Give Aging Technology A Chance

Robot Arm with PDA Brain

In our rush to develop new projects, a lot of the time we jump the gun and order new Arduinos and microprocessors, when with a bit of ingenuity you can recycle old tech for new purposes. [Eric Wiemers] has a Lynxmotion robot arm and needed a way to control it — sure he could use an Arduino or something… or he could try to make use of his trusty PDA that never left his side, well, 10 years ago anyway!

In 2001, Handspring released the Visor Neo — an affordable PDA competitor to the Palm Pilot. It had a super fast 33MHz processor, a whole 8MB of RAM and a 16 bit grayscale screen with a whopping 160 x 160 pixels. [Eric] was lucky enough to get his hands on one a year after it came out. Fast forward today and PDA’s are pretty much obsolete due to smart phones — but [Eric] didn’t want to just chuck it, it still worked after all!

At first he thought of just practicing coding and writing some apps for it — but let’s be honest, he’d never use it instead of his smart phone. He dug a bit deeper and discovered it was actually capable of serial output — this realization opened up a world of possibilities! Using a spare charging cradle, he tapped into the serial connections and added a Molex connector to allow him to hook it up to his Lynxmotion. He wrote his own control app with a GUI which means he can now control the robot arm without needing to drag around his laptop — success!

Think twice before throwing out your old tech. Perhaps that disused piece of junk can have a second chance in your next DIY project.

21 thoughts on “Give Aging Technology A Chance

  1. > Think twice before throwing out your old tech

    My problem isn’t throwing out my old tech (I keep everything!) – my real problem is buying old tech.

    The last serious piece I purchased was a Rhino XR-1.

    Maybe I should hook that up to my old Visor as well…lol (actually, I plan on hooking it to my Altair – should I ever get /that/ running as well).

  2. The serial port on those old Palm OS devices was awesome. I remember hooking one up to a Motorola StarTAC phone, which would take AT commands over serial and act as a modem. We had a very early DSL line at home, but it came with a complementary dial-up account we never used. I had a local cell phone company’s unlimited plan. I remember sitting at school, hooking up two or three cables to get the connection between the devices. Then I could check email and surf slashdot on that 160×160 screen. It was shockingly usable.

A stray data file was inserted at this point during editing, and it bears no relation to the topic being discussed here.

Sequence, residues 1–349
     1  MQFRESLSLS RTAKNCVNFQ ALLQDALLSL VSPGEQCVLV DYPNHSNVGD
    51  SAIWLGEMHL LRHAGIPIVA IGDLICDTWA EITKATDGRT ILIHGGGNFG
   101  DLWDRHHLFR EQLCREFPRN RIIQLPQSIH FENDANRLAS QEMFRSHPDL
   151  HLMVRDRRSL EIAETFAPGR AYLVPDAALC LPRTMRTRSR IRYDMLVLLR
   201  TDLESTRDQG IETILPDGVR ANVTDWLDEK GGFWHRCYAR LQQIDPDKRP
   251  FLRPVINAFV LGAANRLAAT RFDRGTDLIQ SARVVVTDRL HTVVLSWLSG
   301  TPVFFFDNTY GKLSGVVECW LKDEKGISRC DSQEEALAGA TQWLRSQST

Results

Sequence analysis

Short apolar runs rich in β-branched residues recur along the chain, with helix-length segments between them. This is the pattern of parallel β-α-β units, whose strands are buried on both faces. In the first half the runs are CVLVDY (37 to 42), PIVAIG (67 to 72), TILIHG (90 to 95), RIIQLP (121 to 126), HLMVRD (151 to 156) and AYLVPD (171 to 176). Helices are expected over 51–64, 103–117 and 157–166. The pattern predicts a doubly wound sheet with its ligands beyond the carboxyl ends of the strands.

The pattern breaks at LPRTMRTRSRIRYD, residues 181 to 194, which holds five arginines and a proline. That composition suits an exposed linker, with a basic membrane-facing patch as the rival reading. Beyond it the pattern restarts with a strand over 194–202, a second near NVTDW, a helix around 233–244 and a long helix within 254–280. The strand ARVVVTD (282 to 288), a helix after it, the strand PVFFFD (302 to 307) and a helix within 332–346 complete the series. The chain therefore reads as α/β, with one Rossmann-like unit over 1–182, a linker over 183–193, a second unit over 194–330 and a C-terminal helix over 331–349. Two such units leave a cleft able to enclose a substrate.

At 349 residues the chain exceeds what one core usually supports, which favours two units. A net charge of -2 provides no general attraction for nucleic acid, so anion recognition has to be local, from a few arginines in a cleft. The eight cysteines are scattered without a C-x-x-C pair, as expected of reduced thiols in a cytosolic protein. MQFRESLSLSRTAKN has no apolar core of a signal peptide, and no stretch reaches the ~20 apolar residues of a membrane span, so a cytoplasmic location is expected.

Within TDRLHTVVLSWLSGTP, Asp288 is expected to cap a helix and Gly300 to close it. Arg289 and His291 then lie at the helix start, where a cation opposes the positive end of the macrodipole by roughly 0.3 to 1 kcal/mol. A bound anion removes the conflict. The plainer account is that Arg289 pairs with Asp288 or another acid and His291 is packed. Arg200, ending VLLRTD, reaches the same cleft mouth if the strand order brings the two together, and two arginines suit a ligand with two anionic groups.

3. I still design projects around 555 timers! And friends ask me “Why don’t you use a PIC?” I do for some things, but why add another $2.00 in parts plus the time to code for a timer based project?

    I also use op-amps and comparators………

    1. I mean what, do you want applause? A pat on the back? Some kind of smug satisfaction of being “better” than everyone else on this site? Or would a chocolate chip cookie ( homemade, of course ) suffice to stand as a monument to your unending contribution of prodigious knowledge regarding the control of electron flow to this website, my liege?

  4. Less is more. Old PDA’s like this have plenty of capability for all sorts of things, can be picked up for next to nothing and you’ve got a low-power (as in watts) programmable device with battery, display, serial port ready to go.

    I remember when a desktop PC with a 33MHz CPU and 8Mb of RAM was the dogs danglies.

  5. Meh, I’d much rather see how the robotic arm was built and a parts list then reading an article on how old tech could be reused – something which many people already do.

    1. PocketC is just a C-based programming language, so you can write subroutines and functions just like any other programming language. When you’re done, PocketC comes with a bootstrap program that gets installed on the palm that reads the code you wrote. It all gets uploaded through the docking cradle when you sync.
      Take a look at the full article for some more details.

  6. Maybe there’s a use for my Visor Deluxe after all… I *knew* there was a reason I’d been holding onto it! (or I’m just saying that after the fact in order to try to justify my electronics-hording tendencies…)

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